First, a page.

Relying on case law superseded by federal statute, Ferguson encourages this court to reject the district court's determination that O'Neal can recover under § 1981 because the jury found no hostile work environment and, therefore, no racial animus.   Both Title VII and § 1981 support a cause of action for retaliation and require a plaintiff to establish the same prima facie elements to recover.   See Roberts, 149 F.3d at 1103 n. 1, 1110.   Ferguson is correct in suggesting that § 1981 requires a showing of racial animus.   See Patrick v. Miller, 953 F.2d 1240, 1250 (10th Cir.1992).   The evidence presented to the jury, however, reveals that racial animus motivated Ferguson's retaliation against O'Neal.

O'Neal presented the same evidence for both his hostile work environment and retaliation claims.   Although O'Neal failed to prevail on his hostile work environment claim, the evidence of racial animus is relevant to his retaliation claim.   In an earlier case in which a jury found for the plaintiff on his retaliation claim but not on his hostile work environment claim, this court viewed evidence of racial animus as relevant to the credibility of the employer's claimed nondiscriminatory reasons for retaliating against plaintiff.   See Roberts, 149 F.3d at 1108.   The evidence included the testimony of defendant's employee who claimed plaintiff's supervisor referred to plaintiff as a “nigger driver” and said, “I wish that jigaboo would move back to Kansas City.” Id. at 1107 (quotation omitted).   This court concluded plaintiff's “efforts to attribute racial animus to [the retaliatory incidents] in furtherance of his hostile work environment claim necessarily relate to the establishment of pretext in the retaliation claims.”   Id. at 1111.   Even though the jury rejected the hostile work environment claim, it was free to rely upon overlapping evidence of racial animus in finding retaliation.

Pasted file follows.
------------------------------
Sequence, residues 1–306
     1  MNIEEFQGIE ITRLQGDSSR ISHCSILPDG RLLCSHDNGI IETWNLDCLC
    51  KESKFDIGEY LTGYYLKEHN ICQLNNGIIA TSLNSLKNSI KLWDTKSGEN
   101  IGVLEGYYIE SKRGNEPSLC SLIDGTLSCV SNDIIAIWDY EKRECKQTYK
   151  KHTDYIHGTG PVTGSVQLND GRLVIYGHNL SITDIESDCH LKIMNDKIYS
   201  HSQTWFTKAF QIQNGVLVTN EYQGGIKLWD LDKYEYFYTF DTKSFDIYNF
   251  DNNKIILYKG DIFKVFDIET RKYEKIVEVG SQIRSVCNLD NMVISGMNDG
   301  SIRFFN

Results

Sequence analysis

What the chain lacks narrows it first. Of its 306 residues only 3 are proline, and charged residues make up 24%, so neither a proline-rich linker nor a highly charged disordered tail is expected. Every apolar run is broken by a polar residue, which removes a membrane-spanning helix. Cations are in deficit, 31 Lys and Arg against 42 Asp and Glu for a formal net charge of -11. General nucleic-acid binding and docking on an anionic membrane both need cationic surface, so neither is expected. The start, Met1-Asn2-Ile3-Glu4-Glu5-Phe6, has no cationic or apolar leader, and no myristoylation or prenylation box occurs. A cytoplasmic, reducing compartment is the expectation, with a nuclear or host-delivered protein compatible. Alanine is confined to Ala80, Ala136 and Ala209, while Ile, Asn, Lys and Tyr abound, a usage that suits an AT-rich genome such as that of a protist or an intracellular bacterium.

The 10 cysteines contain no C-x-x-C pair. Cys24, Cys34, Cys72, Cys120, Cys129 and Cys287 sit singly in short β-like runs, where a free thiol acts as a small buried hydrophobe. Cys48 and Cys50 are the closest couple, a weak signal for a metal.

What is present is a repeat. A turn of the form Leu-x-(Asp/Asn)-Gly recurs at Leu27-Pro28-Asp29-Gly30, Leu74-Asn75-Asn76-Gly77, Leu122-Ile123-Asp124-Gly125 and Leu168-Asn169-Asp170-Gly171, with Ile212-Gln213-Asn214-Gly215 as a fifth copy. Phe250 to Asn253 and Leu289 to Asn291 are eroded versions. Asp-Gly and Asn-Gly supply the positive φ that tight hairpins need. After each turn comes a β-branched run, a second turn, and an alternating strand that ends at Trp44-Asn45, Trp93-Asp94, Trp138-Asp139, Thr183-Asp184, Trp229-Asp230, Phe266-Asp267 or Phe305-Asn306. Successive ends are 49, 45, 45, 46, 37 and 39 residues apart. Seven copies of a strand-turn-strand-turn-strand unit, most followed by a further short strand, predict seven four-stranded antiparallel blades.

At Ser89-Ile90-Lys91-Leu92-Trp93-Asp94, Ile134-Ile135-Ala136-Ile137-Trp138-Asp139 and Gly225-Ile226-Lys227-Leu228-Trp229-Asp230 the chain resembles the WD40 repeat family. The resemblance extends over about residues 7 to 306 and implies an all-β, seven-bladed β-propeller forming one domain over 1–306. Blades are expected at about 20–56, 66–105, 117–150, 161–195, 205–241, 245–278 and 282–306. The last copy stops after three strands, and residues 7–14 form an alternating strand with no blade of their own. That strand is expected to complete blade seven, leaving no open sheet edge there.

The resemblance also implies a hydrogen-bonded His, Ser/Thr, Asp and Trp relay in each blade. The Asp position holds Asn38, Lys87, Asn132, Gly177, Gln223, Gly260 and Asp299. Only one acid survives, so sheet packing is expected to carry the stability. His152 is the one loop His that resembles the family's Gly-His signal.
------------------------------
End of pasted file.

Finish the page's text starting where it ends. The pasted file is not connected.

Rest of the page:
This case cannot be distinguished from the scenario in Roberts.   At trial, a former Ferguson employee testified that Weiser told him that when he got rid of O'Neal there would never be another “black son of a bitch” who worked there as long as he owned the company.   O'Neal testified that shortly after making this comment Weiser stopped interacting with him and later decreased his work responsibilities.   Such evidence of racial animus cuts against Ferguson's alleged reason for firing O'Neal and supports the jury's finding of retaliation under § 1981.

Accordingly, this court affirms the district court's determination that O'Neal's retaliation claim is not subject to the statutory cap contained in § 1981a(b)(3).


This court AFFIRMS the district court's denial of Ferguson's motions for JMOL and remittitur.   The district court properly submitted O'Neal's retaliation claims and his damage claims for lost employment benefits and future emotional distress to the jury.   Further, O'Neal's compensatory damage award is not subject to the statutory cap provided in 42 U.S.C. § 1981a(b)(3).


1.   Ferguson points to the absence of an expert witness, such as a psychologist or psychiatrist, to support its claim that no evidence was presented as to future emotional distress.   In Roberts, this court indicated that medical or other expert evidence was not required to prove emotional distress.   See Roberts v. Roadway Express, Inc., 149 F.3d 1098, 1105 n. 4 (10th Cir.1998).   The case, however, did not distinguish between present and future emotional distress.   Ferguson offers no reason for this court to do so, nor does it cite authority in support of its suggestion that a medical expert is necessary to establish future emotional distress.   We will not make arguments for Ferguson that it did not make in its briefs.   See Phillips v. Calhoun, 956 F.2d 949, 953-54 (10th Cir.1992);  Fed. R. App. P. 28(a)(9)(A) (“[T]he argument ․ must contain appellant's contentions and the reasons for them, with citations to the authorities ․ on which the appellant relies.”).   Accordingly, we decline to decide whether a distinction can be drawn between proving present and future emotional distress in regard to medical or other expert evidence.

MURPHY, Circuit Judge.